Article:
Archive for the ‘Online Learning News’ Category

Moore’s Law Touches Education At Last — To Techies’ Delight

Wednesday, April 23rd, 2014

by George Anders, Huffington Post

During an ed-tech panel discussion in San Francisco Tuesday evening, led by renowned venture capitalist John Doerr, the consensus was that Moore’s Law is finally making its presence felt in education, too. The showcase example of bolder/faster/cheaper involves companies that operate massive, open, online courses, or MOOCs. The fastest moving of them is Coursera, a Mountain View, Calif., company founded just two years ago. It now has partnerships with more than 100 universities world-wide and it has processed nearly seven million enrollments for its online classes to date. Thanks to “very cheap bandwidth and a lot of machine learning, we can finally do Moore’s Law in education,” said Coursera’s president and cofounder, Daphne Koller, who is also a Stanford professor of computer science. “A single teacher can reach hundreds of thousands of students. That completely changes the economics of everything. The marginal cost of an extra student reaches zero.”

http://www.forbes.com/sites/georgeanders/2014/04/16/moores-law-touches-education-at-last-to-techies-delight/?ss=game-changers/

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MOOCs: What’s a Great College Class Worth When It’s Free?

Wednesday, April 23rd, 2014

by Annalisa Kraft-Linder, Daily Finance

For the last two months, I’ve been studying at Yale online with noted economist Robert Schiller. There were online office hours, graded quizzes, peer-reviewed papers, a final exam and notable guest speakers like billionaire investor Carl Icahn. If I wanted it, a verified certificate of study was $50. Online forums took the place of study groups. My Financial Markets course consisted of the professor’s in-class lectures and guest speakers on video. It took 20 to 30 hours — whenever I wanted — with quizzes and papers on a grading deadline. Had I taken it for a certificate, I would have barely squeaked by with a “Gentleman’s C.”

http://www.dailyfinance.com/2014/04/16/mooc-great-college-classes-free/

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2014: The year of e-learning?

Wednesday, April 23rd, 2014

by Cornerstone, Civil Service World

Employees now use high quality technology – smartphones, tablets, ultrabooks or netbooks – in their everyday lives and also expect to be able to use them at work. Many HR departments have begun to embrace this shift, but many are still catching up – training, learning and development need to reflect the trend to online and mobile not simply because it is the ‘next big thing’ but because it can have genuine and measurable benefits. For example, e-learning provides organisations with a great opportunity to develop their employees, whilst giving them the flexibility to learn at their own pace. This not only benefits employees but also the organisation as a whole, ensuring members of staff have more of an opportunity to develop their talents, review the learning and apply it.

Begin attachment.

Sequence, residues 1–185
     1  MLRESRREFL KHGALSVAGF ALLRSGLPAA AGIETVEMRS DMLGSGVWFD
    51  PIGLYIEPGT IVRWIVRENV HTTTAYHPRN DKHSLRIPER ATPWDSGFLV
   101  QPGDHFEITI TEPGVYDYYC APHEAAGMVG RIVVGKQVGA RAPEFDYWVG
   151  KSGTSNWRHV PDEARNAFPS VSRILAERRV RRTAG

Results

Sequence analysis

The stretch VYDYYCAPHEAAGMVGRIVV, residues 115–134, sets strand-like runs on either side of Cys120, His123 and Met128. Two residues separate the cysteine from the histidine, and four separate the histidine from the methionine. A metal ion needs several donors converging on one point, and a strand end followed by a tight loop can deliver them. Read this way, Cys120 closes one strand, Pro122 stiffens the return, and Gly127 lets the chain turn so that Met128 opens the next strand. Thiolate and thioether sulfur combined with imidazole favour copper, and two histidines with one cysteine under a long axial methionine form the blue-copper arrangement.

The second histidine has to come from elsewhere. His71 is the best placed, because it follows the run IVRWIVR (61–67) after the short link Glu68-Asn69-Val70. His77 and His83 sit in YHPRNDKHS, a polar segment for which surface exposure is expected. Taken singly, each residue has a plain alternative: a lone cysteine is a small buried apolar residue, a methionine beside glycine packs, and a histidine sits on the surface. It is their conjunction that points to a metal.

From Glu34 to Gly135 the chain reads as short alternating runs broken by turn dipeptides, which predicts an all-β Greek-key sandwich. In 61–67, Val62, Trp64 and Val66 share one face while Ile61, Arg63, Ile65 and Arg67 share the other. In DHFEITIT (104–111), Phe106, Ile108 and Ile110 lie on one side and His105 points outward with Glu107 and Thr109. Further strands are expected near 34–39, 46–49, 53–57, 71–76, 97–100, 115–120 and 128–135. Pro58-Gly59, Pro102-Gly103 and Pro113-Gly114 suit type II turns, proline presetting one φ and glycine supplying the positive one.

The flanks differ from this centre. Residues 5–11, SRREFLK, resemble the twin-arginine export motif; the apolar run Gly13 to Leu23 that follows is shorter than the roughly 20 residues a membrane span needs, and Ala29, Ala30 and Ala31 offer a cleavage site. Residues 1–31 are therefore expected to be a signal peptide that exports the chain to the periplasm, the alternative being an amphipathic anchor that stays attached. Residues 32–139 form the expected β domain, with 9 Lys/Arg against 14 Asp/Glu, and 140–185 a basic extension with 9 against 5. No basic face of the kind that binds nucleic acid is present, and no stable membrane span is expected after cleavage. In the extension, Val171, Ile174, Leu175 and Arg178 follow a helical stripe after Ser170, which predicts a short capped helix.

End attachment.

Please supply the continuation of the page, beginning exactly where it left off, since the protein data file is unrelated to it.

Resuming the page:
http://www.civilserviceworld.com/articles/sponsored_article/2014-year-e-learning

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Proactive on Prior Learning

Tuesday, April 22nd, 2014
by Carl Straumsheim, Inside Higher Ed
Florida’s public institutions are anxiously watching this spring’s legislative session, which rounded the halfway point last week. Regardless of what dies on the floor or is signed into law, the universities are still waiting for clarification on the fallout of last year’s session, including the proposed mandate to offer credit for MOOCs. Some universities aren’t waiting around. Florida International University is in the early stages of creating a pilot for prior learning assessment, which could be used to determine if students have learned enough from an outside course — whether of the high school, online or massive open online variety — to qualify for credit. The experiment will begin in in the university’s introduction to psychology course, and if the intended spring 2015 pilot is a success, the model may expand to other disciplines, said Kristin Nichols-Lopez, associate chair of the department.  The university’s plan — which faculty will vote on during an April 24 meeting — involves creating a challenge exam that tests students on a series of core psychology concepts to be determined by the department.